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The intractable puzzle of suicide

The recent suicides of designer Kate Spade, 56, and chef Anthony Bourdain, 61, drew celebrity attention to a phenomenon that, while part of the human experience, can seem not only complex but incomprehensible.

To live life, to define each day as a gift is aspirational, of course, for we know that our days are by definition imperfect, some characterized by a welcoming contentment while others requiring a teeth-grinding effort. On occasion we pause and take notice of a soft early morning rain, the smell of newly mowed grass, the sound of a child’s voice, while accepting, however reluctantly, that the geography of our existence can be relentlessly unfair.

Embedded in the above description is the question: How is it possible that there are those among us — those who are not confronting the exigencies of either terminal illness or facing that dark corridor of debilitating old age — commit suicide? And yet we know, however abstractly, that it occurs. There are individuals who, in the fullness of their lives, purposely choose to make what must be an overwhelming decision defined by its isolation. To hear or read about it can be jarring, and we ponder the cause, knowing only that the pain or torment or hopelessness they were experiencing was beyond resolution. Robin Williams comes to mind. How was that possible?

I reflect on the reality that both Spade and Bourdain had children. How is it possible to say goodbye knowing that you leave them behind, their sense of abandonment and loss beyond description?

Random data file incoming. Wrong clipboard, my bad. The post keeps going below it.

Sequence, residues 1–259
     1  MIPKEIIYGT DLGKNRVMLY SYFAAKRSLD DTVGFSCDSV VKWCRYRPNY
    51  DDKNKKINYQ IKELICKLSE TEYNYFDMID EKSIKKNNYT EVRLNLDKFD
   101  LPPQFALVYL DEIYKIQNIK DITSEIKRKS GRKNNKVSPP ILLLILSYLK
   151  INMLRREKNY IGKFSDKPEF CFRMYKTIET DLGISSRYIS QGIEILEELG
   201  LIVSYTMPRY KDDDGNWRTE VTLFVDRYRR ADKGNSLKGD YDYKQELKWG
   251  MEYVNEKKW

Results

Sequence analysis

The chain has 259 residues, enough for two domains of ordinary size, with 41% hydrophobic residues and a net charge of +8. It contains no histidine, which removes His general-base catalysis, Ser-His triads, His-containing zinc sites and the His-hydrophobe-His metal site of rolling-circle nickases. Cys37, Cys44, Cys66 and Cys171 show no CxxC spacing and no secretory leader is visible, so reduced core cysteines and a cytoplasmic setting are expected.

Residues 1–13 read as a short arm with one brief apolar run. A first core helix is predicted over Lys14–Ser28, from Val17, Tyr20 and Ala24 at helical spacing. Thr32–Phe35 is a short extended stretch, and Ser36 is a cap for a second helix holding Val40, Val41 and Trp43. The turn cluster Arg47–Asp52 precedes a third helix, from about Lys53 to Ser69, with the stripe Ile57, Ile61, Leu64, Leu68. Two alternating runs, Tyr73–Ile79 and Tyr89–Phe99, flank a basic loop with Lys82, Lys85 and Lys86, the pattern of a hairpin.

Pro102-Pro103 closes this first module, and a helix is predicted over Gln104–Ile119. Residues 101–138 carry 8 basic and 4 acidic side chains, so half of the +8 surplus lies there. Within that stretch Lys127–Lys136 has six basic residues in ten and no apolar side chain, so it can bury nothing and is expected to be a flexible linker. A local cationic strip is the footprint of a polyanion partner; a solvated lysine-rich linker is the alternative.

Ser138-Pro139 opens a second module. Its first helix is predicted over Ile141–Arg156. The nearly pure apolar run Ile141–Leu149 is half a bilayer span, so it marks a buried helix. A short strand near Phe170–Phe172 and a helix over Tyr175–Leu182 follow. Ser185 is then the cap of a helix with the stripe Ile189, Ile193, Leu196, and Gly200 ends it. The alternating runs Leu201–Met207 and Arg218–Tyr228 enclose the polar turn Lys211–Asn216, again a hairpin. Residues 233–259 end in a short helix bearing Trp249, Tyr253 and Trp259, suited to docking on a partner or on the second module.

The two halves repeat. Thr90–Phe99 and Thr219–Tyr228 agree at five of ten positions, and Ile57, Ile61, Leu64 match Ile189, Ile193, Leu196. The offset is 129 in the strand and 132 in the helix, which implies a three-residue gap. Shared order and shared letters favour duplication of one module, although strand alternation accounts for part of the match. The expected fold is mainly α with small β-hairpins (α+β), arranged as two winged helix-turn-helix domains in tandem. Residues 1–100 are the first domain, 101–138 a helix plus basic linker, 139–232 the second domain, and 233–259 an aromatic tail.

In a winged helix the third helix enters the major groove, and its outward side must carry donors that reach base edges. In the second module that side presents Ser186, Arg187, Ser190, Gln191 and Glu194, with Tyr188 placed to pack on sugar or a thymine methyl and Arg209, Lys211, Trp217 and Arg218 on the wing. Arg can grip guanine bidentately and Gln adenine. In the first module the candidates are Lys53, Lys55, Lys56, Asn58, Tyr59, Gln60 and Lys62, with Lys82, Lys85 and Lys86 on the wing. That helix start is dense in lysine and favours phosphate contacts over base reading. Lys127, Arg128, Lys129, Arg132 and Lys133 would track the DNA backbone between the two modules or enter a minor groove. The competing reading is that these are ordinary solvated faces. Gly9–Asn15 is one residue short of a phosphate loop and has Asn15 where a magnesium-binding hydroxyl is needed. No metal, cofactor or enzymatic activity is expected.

But consider the following facts, which continue to puzzle:

According to the Centers for Disease Control and Prevention, suicide has increased 25 percent since 1999 among people 10 or older, including all ethnicities. This has occurred despite access to new forms of treatment, such as therapy and medication. In 2016 some 45,000 people killed themselves, twice the number of homicides for that year.

More men than women take their lives, and one variable in the mix is the availability of guns. Men are far less likely to seek help than women. Plus there is the unexpected element of impulsivity.

It is uncommon for individuals to openly share suicide ideation or that they have been contemplating a plan. Nor do they demonstrate symptoms that are recognizable. And yet it is known that the rise in suicide coincides with an increase in depression and anxiety. The number of people who have open-ended prescriptions for either or both is at an historic high, and more than 15 million Americans have taken medication for treatment for five years or more, a rate that has tripled since 2000. Plus, it is likely that unsuccessful life-ending attempts are vastly underreported.

And so, we as a society are confronted with a paradox: While we acknowledge efficacious treatments are available, suicide continues to trend upward. Harvard professor of psychology Matthew Nock was quoted in the New York Times saying that the wide majority of people who die by suicide “explicitly deny suicidal thoughts or intentions in their last communications before dying.”

Benedict Carey, writing in the Times, reported that “the rise of suicide turns a dark mirror on modern American society: its racing, fractured culture; its flimsy mental health system; and the desperation so many individual souls, hidden behind the waves of smiling social-media photos and cute emoticons.”

While Carey explicitly creates a linkage between our cultural fragmentation and the increasing rate of suicide, it is seemingly impossible to drill down and find definitive causation. Perhaps life, as experienced by Spade and Bourdain, and tens of thousands of other anonymous Americans who stand briefly in that darkest of places and decide that life is no longer worth living, cannot ever be fully understood.

And so we are left with that silent individual clinging to the wrong side of the guardrail — contemplating what, we can only imagine — and then stepping forward and falling from one abyss into the next. For those who remain behind, the act can seem a bridge too far.

Chris Honoré is a Daily Tidings columnist.

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